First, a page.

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Pink Sheet – Refuse-to-File Turns 25: New Guidance Changes In Style, But Not Substance

Pink Sheet – Refuse-to-File Turns 25: New Guidance Changes In Style, But Not Substance

Executive Summary

US FDA’s revised draft guidance spelling out its policy on ‘refuse-to-file’ decisions differs little in substance compared to predecessor issued in 1993. But difference in style is telling sign of the times.


The US FDA is replacing its 25 year-old guidance on “Refuse to File” (RTF) decisions for NDA/BLA submissions with a new draft guidance published Dec. 12.


There is very little difference in substance between the new draft and the predecessor guidance issued in 1993. But the guidances are very different in style, changes that reflect the evolution in the drug review process since the user fee era began.


The RTF policy is very much a creation of the user fee era: the groundbreaking feature of the program – FDA’s commitment to complete reviews within a fixed timeframe – necessarily involved stipulating a process for the agency to decline to review an incomplete application.


The simple action of withdrawing the previous guidance and issuing a modernized version with few changes likely serves the purpose of alerting inexperienced sponsors about FDA’s rigid guidelines for what constitutes an incomplete application that will be rejected out of hand. The original guidance issued on July 12, 1993 was withdrawn on May 19 of this year.

The old guidance can be viewed as advice to FDA’s own drug reviewers as much as to regulated industry. The revised 2017 version is more directly tailored to drug sponsors.

On one level, it is remarkable how little has changed. The guidance continues to make the point that RTF actions are intended to address “complex significant deficiencies that cannot be corrected before filing,” and are not appropriate for “easily correctable deficiencies.” And the guidance continues to finesse the most difficult issue: when it is acceptable to refuse an application because it lacks on its face adequate evidence of efficacy (i.e., two adequate and well controlled trials, or a sufficient explanation of why a single trial suffices).


But from a stylistic perspective, the two guidances are quite different. The updated RTF guidance falls under the new streamlined, just-the-facts approach for guidances outlined by CDER Director Janet Woodcock at the Nov. 14 Prevision Policy/Friends of Cancer Research Biopharma Congress. (See sidebar.)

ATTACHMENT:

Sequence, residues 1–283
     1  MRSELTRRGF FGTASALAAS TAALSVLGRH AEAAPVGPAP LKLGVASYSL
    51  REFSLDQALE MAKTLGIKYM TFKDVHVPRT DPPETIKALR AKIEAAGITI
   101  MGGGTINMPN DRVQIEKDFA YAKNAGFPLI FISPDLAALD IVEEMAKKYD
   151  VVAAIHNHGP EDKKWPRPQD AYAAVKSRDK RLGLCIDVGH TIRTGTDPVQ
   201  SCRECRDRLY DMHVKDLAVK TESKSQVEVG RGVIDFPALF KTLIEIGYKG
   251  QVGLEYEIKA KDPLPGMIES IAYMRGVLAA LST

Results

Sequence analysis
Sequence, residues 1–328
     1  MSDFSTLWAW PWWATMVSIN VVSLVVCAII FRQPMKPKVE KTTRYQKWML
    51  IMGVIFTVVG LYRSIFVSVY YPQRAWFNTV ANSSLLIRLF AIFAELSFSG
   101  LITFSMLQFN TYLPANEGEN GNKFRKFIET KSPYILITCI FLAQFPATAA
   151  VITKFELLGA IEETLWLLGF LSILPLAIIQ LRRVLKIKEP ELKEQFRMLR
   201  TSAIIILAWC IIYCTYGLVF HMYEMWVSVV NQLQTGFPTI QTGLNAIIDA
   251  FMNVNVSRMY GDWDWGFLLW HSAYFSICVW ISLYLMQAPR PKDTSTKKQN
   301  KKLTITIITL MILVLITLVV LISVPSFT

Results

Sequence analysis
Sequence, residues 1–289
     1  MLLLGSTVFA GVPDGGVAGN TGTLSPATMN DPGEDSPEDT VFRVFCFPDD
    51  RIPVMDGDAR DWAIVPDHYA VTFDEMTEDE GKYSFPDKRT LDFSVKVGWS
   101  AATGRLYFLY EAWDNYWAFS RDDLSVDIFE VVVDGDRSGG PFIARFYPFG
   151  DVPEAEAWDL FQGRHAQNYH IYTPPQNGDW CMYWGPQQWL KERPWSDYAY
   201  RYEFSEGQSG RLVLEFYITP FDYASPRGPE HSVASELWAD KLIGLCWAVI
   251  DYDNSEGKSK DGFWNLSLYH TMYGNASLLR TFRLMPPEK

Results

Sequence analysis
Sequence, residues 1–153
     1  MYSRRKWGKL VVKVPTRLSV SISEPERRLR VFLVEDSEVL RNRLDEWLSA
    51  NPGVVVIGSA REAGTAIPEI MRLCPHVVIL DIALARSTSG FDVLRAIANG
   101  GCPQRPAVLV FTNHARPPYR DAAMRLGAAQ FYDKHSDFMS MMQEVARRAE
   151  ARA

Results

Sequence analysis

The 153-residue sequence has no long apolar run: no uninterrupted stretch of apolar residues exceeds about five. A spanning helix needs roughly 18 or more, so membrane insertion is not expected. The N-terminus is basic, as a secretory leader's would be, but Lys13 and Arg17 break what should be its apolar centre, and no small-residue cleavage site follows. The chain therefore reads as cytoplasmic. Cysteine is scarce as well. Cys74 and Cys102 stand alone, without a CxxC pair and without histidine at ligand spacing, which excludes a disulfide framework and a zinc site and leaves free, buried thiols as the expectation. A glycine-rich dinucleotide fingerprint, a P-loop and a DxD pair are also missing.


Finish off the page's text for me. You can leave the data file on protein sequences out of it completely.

Language from the original that could be categorized as narrative or literary flourish has been replaced with more technical, bulleted advice to sponsors.


For example: “The practice of submitting an incomplete or inadequate application and then ‘repairing’ it in the course of an extended review period is inherently inefficient and wasteful of agency resources,” the 1993 guidance states. “It is probably wasteful of limited industry resources as well.”


RTFs are “based on omissions or inadequacies so severe as to render the application incomplete on its face,” the old guidance states. “To be a basis for an RTF, the omissions or inadequacies should be obvious or at least once identified and not a matter of interpretation or judgement about the meaning of the data submitted.”


In that sense, the old guidance can be viewed as advice to FDA’s own drug reviewers as much as to regulated industry. The revised 2017 version is more directly tailored to drug sponsors.


The 1993 guidance also harks back to a time when guidance writing was a more centralized activity. In particularly, CDER Deputy Director for Clinical Science Bob Temple had a large hand in the original guidance. “I don’t recall who wrote the guidance but I am quite sure I had input,” Temple said of the previous guidance. He was not directly involved in the new draft – except insofar as the 1993 guidance was clearly the starting point. (Senior Regulatory Health Project Manager Amalia Himaya is identified as the primary point of contact on the new draft.)


FDA lists six deficiencies that will likely draw an RTF, none of which should be surprising to sponsors:

  1. Materially lacking or inadequately organized applications.
  2. The application contains inadequate information for one or more indications when multiple indications are submitted in the same application. In those case, “FDA may accept for filing those parts of an application that represent complete submissions for particular indications but refuse to file those parts that are determined to be incomplete for other indications,” the guidance states. That is unchanged from the 1993 version.
  3. Reliance on a single trial to support approval of an application without adequate justification, and particularly in cases where FDA already formally requested more than one trial, at the end of Phase 2 meeting, for example.
  4. Failure to submit an assessment of studies related to the potential abuse of a drug that are necessary to inform drug scheduling under the Controlled Substances Act and the development of drug product labeling.
  5. Required content is not submitted electronically where the FDA has specified it must be.
  6. For NDAs or original BLAs reviewed under the Program, if minor components agreed upon for late submission are not received within 30 calendar days after receipt of the application.…